Following the performances, the SOS group, along with a few camp staff members, sat down in a circle to bring in the Shabbat with the traditional prayers, led by the camp Rabbi. Behind us, was a view of the beautiful Mount Olympus! Then we had dinner, and enjoyed staying up late and getting to know the Jewish-Greek teens (who speak pretty good English!).

The next morning we woke up bright and early for mifkad (flag raising), then breakfast, and tefillah. The camp rabbi took out the Torah, read part of the parsha, and gave out aliyot to many of the Jewish teens. He spent lots of time explaining the stories from the Torah to the campers in Greek, and of course- we had no idea what was going on. We sat amongst the young campers, about 6-8 years old. One girl in particular would sit on my lap, as we together watched the Rabbi. She picked up my siddur, asking what it was and why she did not understand the language inside. As I tried to explain in English what it was, I found myself finally understanding why this camp was so essential to the continuity of the Jewish community in Greece. I showed her the words of “Shema”, the prayer that the camp says together at their flag raising ceremony in the mornings. Not only was she excited to understand, but I too was happy that I could teach her something meaningful. Summer camp here wasn’t just about Judaism, but about becoming friends with people whom you would never have expected.

The rest of the day including lots of free time, chilling with the Greek teens, basketball and workouts, watching and participating in their closing ceremony, lunch and dinner, and then a Havdalah and a disco party.
As I am sitting on the bus now, reflecting on the good-byes we had to say just a few minutes ago to our new Jewish-Greek friends, I understand how special we are to them, as they are to us. Though we live very different lives, there is so much that united us all, expressed through the friendships from the past four days.

I can’t wait to see what is in store for us next!

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Day 3

Alex and Ethan ~   Day three of our exciting adventure has proven that every day on this trip will be fantastic. It was our first day here in the Jewish camp in LiTohoro. We spent last night in large tents and it was a great experience sleeping in nature. Surrounded by the mountains, including Mt. Olympus, and the Aegean Sea, the camp is in one of the most beautiful and breathtaking places we’ve ever been. There are positives to sleeping in tents such as community and nature, but there are also negatives such as bugs and having to sleep in the humid climate.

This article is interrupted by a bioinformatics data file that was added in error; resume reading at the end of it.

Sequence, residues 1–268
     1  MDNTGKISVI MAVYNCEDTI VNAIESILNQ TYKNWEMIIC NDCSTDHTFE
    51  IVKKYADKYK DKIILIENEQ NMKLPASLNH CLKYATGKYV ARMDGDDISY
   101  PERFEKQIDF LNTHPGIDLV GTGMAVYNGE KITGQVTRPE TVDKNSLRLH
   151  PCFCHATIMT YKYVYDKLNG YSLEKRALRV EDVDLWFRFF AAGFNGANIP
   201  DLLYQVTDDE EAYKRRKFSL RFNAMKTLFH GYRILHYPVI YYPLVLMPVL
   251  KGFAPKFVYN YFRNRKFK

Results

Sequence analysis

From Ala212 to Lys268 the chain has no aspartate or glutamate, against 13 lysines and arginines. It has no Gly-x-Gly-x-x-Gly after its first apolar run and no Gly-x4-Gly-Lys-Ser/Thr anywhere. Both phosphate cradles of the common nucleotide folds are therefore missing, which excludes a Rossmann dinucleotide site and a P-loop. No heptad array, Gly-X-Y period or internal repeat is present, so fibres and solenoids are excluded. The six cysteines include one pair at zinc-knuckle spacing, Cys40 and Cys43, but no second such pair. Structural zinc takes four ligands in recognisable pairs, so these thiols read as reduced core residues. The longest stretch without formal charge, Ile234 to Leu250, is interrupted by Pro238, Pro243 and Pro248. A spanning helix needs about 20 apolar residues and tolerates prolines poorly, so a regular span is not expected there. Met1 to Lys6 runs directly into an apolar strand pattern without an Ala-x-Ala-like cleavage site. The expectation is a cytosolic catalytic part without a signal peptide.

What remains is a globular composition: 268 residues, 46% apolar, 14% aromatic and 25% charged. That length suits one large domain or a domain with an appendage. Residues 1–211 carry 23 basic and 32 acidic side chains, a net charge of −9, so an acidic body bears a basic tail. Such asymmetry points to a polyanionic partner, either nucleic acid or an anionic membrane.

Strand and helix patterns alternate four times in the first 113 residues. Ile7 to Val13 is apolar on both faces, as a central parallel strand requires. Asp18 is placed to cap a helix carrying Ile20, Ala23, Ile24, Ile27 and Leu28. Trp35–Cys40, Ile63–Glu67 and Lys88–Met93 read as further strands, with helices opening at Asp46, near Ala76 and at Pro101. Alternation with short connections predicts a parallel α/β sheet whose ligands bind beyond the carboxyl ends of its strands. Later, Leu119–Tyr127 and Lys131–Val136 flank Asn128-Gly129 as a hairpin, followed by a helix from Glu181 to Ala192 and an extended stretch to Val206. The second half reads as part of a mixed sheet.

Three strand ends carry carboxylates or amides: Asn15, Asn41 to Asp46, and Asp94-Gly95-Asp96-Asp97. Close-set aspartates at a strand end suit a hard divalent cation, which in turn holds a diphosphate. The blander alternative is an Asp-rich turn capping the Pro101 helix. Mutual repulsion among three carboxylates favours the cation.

In the morning we took a 40 minute drive with experienced climbers to Mt. Olympus for an eight kilometer hike that took about five hours. On the hike we got to see LiTohoro from the view of the ancient Greek gods. The scenery was beautiful. There were two guides on this hike, one in front and one in back. The man in the front, Chris, was speed walking without a care in the world, it didn’t matter to him if he lost us or we needed a brake. The man in back, Antonio, kept a very slow pace, which was much easier to keep up with. Alex was in the faster group and Ethan forgot his physical limitations and tried to keep up with the first group. When Ethan quickly realized that this pace was too much for him, Alex kindly walked at a slower pace with him. While this was happening the slower group fell way behind, while the faster group went even faster, and the two of us were stuck in the middle. We could see the group in front at the beginning but as we gradually slowed down both groups distanced themselves from us even more. This left us entirely alone for about forty minutes without being able to hear or see the other groups. We thought we were lost, but we pushed through and finally caught up with first group and then Chris, the instructor in front, decided to wait for the farther group. We finally reunited and were able to continue this incredible hike. There were beautiful cold springs, gorges, and mountains that went beyond the clouds. When we finished the hike we took a car back to the camp and jumped into the clear, and turquoise water of the Aegean Sea. It was awesome. After that there was a camp Maccabi where we competed in sports against the Greeks. There was a very intense game of basketball between the Americans and the campers. The whole camp was watching, and it was really cool. We ended up losing but only because we were exhausted from the hike, and we wanted to take it easy on our fellow Jews. It was a great chance to bond with them, and these kids are really cool. It is amazing that we can so easily make friends with the campers here after such little time.

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Day 1 & 2

Jonah R ~I came to Dulles Airport looking forward to a great trip filled with many chesed and touring opportunities in Greece and Israel. I was expecting a great group of kids with an awesome counselor and the best trip Imma and Abba in the world. Everything that we have done so far has completely blown whatever I thought was going to happen out of the water. After a very long flight to Istanbul, we got on the plane to Athens. The flight was short but the views as we flew in over the Aegean Sea were astounding. We got to the airport and drove to our hotel in the heart of Athens. As we looked up at the Parthenon from our hotel terrace, we imagined the great events that occurred in Greece hundreds of years ago. We went to sleep excited for the coming day. Early in the morning, we got on the coach bus and took a trip to the Jewish summer camp Le Tohoro.  On the way to the camp, we drove along the coast of Greece. The views of the water were breathtaking. Most of us slept pretty much the whole way there. The camp is situated about a hundred meters from the beach.  For all you Americans, not very far. It rained today so instead of the normal activities, we set up a mini carnival for the kids to show them that you can still have fun even when it’s raining. The love for Israel and Judaism here is so nice to see from many kids. For some, this is the only Jewish experience they get for the whole year so it makes it that much more incredible that they love it so much. Tomorrow we will be climbing Mt. Olympus so we will hopefully get much sleep tonight.